A major conference aimed at finding a political solution to the three-year conflict in Syria that has left 100,000 dead is due to start in Switzerland.
The Syrian government and the main opposition are attending the Geneva II summit along with international allies.
The key issue, on which neither side appears willing to budge, is the future of President Bashar al-Assad.
Differences were also laid bare on the eve of the summit, in a report accusing Syria of mass torture and executions.
‘Patience and persistence’
The conference will begin in Montreux on Wednesday, and continue in Geneva two days later.
This is the first time the Syrian government and the opposition have met face-to-face since the start of the conflict which, in addition to the dead, has left millions of Syrians displaced.
Montreux will only mark the ceremonial start. Representatives of dozens of invited nations will sit down with prepared speeches certain to exhort fighters on all sides to end the profound suffering of their people and find a negotiated way out of this deepening crisis.
Then, on Friday, when delegates to a luxury watch fair leave their Geneva hotels, Syrian delegations will move there to begin negotiations in a process mediated by UN envoy Lakhdar Brahimi.
That is, unless the process collapses from the start in Montreux.
The first day will see speeches from some of the 40 or so foreign ministers who have gathered in Montreux.
But as the delegations arrived, the main opposition National Coalition and the Syrian government were quick to set out their agendas on the future of Mr Assad.
Syrian Foreign Minister Walid Muallem was quoted by Syria’s Sana news agency as saying: “The issues of the president and the regime are red lines for us and for the Syrian people. Nobody can touch the presidency.”
On his arrival in Switzerland, Badr Jamous, secretary-general of the National Coalition, told Reuters: “We will not accept less than the removal of the criminal Bashar al-Assad and changing the regime and holding the murderers accountable.”
BBC diplomatic correspondent Bridget Kendall says the UN secretary general will not want his peace talks to collapse into a shouting match, so the UN’s main concern will be to get some sort of initial dialogue going on steps that will help beleaguered Syrians.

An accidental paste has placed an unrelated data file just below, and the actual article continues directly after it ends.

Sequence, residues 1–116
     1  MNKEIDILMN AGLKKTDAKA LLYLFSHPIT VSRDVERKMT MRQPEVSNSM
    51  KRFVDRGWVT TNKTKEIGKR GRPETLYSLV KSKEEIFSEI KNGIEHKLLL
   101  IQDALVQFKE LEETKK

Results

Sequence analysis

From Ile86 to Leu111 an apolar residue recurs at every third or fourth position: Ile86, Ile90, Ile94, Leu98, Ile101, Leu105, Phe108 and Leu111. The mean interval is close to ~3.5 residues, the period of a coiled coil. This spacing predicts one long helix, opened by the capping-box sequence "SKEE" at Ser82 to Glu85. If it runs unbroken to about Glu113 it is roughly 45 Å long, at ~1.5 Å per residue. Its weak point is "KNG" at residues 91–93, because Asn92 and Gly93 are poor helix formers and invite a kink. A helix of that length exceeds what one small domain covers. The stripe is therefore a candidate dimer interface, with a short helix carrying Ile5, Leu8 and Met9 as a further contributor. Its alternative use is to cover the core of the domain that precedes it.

She says there is talk of possible local truces and humanitarian access to besieged areas.
But our correspondent says that even this may be a tall order, given the uncertainty that the Assad government will make real concessions and the lack of sway the opposition delegation has over the many rebel groups fighting in Syria.
International delegates to Geneva II have played down hopes of a breakthrough, saying the talks should be seen as the first step in a process.
A senior US state department official told Agence France-Presse: “I don’t think anyone who’s dealt with Syrian officials has any false expectations of rapid progress.
“Everybody has to understand that this is the beginning of a process. It’s not going to be fast. It’s very bitter fighting on the ground. And so there’s going to be an absolute requirement for patience and for persistence.”
German Foreign Minister Frank-Walter Steinmeier added: “We must have measured expectations. We will not see peace triumph during these discussions.”
Mr Muallem did indicate that Damascus was “committed to working for the success of this conference so that it is the first step on the road to a dialogue between Syrians on Syrian soil”.
A senior Russian official said the first talks were expected to last seven to 10 days, followed by “a short break, and then the talks will resume”.
On Tuesday, US President Barack Obama telephoned Russian counterpart Vladimir Putin to “discuss the issues of the conference”, the Kremlin said.
It said the conversation was “businesslike and constructive”.
Foreign ministers Sergei Lavrov and John Kerry met later on Tuesday in Montreux.
The lead-up to the summit has been difficult, with the UN first inviting Iran – Syria’s ally – to the talks and then withdrawing the invitation.
The UN defended the withdrawal on Tuesday, saying the Iran had orally accepted the Geneva Communique, the plan for a transitional Syrian governing body agreed at a UN-backed meeting in 2012, only to later fail to put the commitment in writing.
On the eve of the summit, a report by three former war crimes prosecutors alleged Syria had systematically tortured and executed about 11,000 detainees since the start of the uprising in March 2011.
Leaked pictures ‘show evidence of starvation, beatings and strangulation’
The report is based on the evidence of a defected military police photographer, referred to only as Caesar, who along with others reportedly smuggled about 55,000 digital images of the dead detainees out of Syria.
The US and UN reacted with “horror” to the allegations.
A Syrian spokesman said the report had no credibility as it was commissioned by Qatar, which funds rebel groups.
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